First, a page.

I’m sure this post wont be relevant or helpful for everyone… but I’ve been getting a lot of questions on how to build these garden beds. Also, I know some of you guys are garden lovers like myself…. and maybe you’re not thinking about making beds right now, but are happy to find more ideas for your future, one day, maybe soon gardens 🙂 If beds are a bit too big of a project, you can always check out our other (mostly money saving) garden DIY section.

There are plenty of places locally or online that you can buy pre-made beds… which is GREAT, but for us they were too expensive. We knew that wood beds, unless cedar, would have to be re-built or changed pretty often with our humidity down here. Also, you have to be super careful with wood, because wood intended for outdoor use is chemically treated, which is great for outdoor weathering, but AWFUL for growing food in. Chemicals seeping into my roots? No thanks. I really, really like all stone raised beds, they’re long lasting (forever) and beautiful, but super pricey for larger beds.
So here we are, with our own solution for our larger vegetable beds in our backyard garden! Corrugated metal was a nice, cheap solution for making large beds at a decent price and the cedar wood is naturally rot resistant. We’re pretty pleased 🙂


Raised Garden Bed DIY
(Makes One 12’x3’x1′ Raised Bed)

Materials:
2- 12′ x 1’Corrugated Metal Roofing Panels (Side)
2- 3′ x 1′ Corrugated Metal  Roofing Panels (Side)
8- 16″ long 2″x4″ Rough Cedar Boards (Stakes)
2- 12′ long 3/4″x4″ Rough Cedar Boards w/ mitered 45 degree edges (Top Frame)
2- 3′ long 3/4″x4″ Rough Cedar Boards w/ mitered 45 degree edges (Top Frame)
1 Pack- 1-1/2″ Drive Straight Hex Sheet Metal Screws w/washers
12 – #8 x 1 1/4″ Coarse Screws
Cordless Drill (w/ appropriate bits, hex and phillips)
Spade Shovel

*if cutting materials yourself
Circular Saw (For Cutting the Metal and Wood to size)
Framing Square
Sharpie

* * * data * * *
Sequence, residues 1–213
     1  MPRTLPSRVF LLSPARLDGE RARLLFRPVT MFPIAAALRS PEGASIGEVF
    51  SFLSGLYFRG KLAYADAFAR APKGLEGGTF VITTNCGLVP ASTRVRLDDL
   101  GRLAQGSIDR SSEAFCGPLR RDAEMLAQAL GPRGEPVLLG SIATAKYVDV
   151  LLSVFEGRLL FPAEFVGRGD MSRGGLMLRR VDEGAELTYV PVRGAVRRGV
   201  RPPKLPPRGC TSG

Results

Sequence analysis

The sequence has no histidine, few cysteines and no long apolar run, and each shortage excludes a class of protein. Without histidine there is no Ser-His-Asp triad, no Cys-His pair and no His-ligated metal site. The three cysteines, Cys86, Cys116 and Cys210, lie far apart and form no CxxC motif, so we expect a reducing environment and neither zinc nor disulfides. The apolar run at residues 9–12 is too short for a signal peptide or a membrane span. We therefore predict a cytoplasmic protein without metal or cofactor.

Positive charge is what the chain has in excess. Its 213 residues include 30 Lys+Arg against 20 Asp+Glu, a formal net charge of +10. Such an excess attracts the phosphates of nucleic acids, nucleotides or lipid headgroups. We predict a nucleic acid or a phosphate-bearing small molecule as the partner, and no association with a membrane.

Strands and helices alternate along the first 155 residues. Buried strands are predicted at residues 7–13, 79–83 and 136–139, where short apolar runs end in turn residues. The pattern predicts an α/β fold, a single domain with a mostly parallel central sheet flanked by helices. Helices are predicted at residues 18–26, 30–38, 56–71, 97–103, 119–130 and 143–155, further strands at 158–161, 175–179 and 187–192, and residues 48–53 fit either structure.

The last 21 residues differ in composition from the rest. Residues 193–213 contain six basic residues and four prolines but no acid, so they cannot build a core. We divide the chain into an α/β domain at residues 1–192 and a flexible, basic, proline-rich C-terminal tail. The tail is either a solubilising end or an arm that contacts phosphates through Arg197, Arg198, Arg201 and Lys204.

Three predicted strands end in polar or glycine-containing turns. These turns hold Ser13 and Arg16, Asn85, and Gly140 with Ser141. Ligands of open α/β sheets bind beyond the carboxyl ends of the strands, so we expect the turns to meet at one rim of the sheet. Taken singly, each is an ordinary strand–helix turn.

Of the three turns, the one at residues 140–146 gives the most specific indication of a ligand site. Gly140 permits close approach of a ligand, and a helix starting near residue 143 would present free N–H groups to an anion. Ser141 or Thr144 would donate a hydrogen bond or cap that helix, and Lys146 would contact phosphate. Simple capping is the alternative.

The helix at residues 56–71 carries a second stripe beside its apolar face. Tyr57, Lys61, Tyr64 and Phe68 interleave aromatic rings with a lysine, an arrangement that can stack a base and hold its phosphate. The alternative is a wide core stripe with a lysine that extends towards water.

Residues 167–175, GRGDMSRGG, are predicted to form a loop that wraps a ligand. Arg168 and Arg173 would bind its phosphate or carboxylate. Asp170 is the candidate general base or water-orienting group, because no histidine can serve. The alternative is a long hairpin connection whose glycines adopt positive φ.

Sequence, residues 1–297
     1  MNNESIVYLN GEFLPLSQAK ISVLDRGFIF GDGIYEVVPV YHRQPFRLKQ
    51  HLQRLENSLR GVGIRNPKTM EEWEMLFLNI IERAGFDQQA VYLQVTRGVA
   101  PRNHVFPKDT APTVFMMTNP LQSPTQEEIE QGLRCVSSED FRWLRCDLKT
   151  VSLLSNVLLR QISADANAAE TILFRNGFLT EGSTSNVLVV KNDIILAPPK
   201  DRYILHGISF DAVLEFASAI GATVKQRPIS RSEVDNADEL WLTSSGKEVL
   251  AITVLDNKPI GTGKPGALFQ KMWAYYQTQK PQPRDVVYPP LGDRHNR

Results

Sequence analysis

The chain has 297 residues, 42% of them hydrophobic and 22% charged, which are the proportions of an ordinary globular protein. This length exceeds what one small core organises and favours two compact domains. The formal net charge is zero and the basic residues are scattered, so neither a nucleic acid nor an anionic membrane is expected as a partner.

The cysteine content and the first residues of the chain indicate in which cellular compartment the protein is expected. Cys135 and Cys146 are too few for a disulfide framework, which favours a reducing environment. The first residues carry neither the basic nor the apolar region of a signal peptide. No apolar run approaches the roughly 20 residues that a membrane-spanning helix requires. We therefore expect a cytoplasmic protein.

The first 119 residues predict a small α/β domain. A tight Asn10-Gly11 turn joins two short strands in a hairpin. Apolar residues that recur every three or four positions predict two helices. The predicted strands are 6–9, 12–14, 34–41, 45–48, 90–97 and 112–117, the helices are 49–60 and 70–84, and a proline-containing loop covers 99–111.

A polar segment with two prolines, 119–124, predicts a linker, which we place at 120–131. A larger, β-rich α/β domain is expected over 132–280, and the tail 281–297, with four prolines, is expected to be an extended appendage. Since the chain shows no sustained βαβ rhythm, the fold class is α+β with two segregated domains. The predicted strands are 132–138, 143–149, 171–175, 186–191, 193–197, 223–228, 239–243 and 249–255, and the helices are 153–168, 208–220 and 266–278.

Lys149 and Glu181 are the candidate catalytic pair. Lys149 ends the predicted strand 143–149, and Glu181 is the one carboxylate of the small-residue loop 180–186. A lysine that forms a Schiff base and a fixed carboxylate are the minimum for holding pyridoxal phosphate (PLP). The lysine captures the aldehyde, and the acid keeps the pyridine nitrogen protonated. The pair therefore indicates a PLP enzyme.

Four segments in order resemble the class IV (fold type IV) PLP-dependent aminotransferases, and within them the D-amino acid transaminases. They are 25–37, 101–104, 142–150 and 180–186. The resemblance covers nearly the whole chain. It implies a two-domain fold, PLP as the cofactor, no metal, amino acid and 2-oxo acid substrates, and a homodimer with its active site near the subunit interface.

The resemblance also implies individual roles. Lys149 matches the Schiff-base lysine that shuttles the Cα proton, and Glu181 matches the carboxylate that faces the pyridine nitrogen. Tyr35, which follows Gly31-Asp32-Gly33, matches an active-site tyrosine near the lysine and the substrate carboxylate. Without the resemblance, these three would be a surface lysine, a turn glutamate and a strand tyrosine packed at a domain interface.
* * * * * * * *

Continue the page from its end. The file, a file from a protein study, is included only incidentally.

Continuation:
Pencil


Instructions:

– Lay 4 of the 16″ 2x4s on the ground spaced 2 feet apart
– Set 1 of the 12′ metal pieces on top of the 16″ stakes
– Make all of the stakes flush with one side of the metal.  The stakes will extend 2″ past the other side.
– Screw directly through the sheet metal into the wood using 3 screws for each stake
– Do this one more time to make 2 12′ sides.
– Clear bed site of weeds, grass, and other debris.
– Dig footers for the stakes.  There are 8 stakes therefore we need 8 holes. The holes do not need to be that deep, 2″-3″.
– Lay one of the long built sides in the footer holes with the metal facing in.
– Fill in the holes with soil so the side stands on its own.
– Do this again for the other side.
– Once the long sides are in, simply screw the two 3′ metal side pieces into place.
– Now screw the top frame boards to their appropriate sides by laying them on top of the stakes.  Use one screw for each stake.
– Line bottom with cardboard and newspaper.
– Fill with soil, amend with compost and manure, plant a garden, mulch, done.
– Throw a party!

Update: it’s now been over two years since we’ve built these beds. They’ve lasted through torrential downpours, miserable tropical summers, and even a hurricane! They’ve held up well and we have not had to put any work into fixing them up yet. yay!


check out more garden DIYS here.

36 Comments

  1. i've been wanting to make a garden i just didn't know how to make it. i just took a picture of this and sent it to my dad, he's going to help me make them once it warms up a little. thanks for this post! i love your blog, i've been following you for years.

    xo, Samantha

  2. i love this!
    i wanted raised beds so bad when i lived in orlando but couldn't afford to do it. i think i ended up using giant plastic tubs with holes cut in the bottom, not my best idea.
    definitely will try this if i ever get outdoor space again.

  3. They really are fantastic, and what a clever idea to use corrugated metal. I have little wooden ones (just a few inches high) and after five or six years they are starting to show some wear. I'm looking forward to seeing what you grow over in sunny Florida. Here in southwest England we're waiting for a little rise in temperature and more daylight before we start planting seeds. Right now, everything's sleeping. But I guess where you are there's year round growth.

  4. Your garden looks amazing! I remember when you first started cleaning that backyard. You should be so proud of yourself!

  5. Thanks so much Drea, I was trying to explain to my parents how I know you, I know I don't know know you but I know you. I is kind of funny trying to explain to my parents who are in their 70 how I know you, it is to funny. Your garden looks great and I i am wishing you the best of luck. I will be hanging out at Lowe's pretty much this weekend and getting stuff ready. My only problem for me at my house is I have to deal with cats and possum eating my garden but it will all be a learning experience.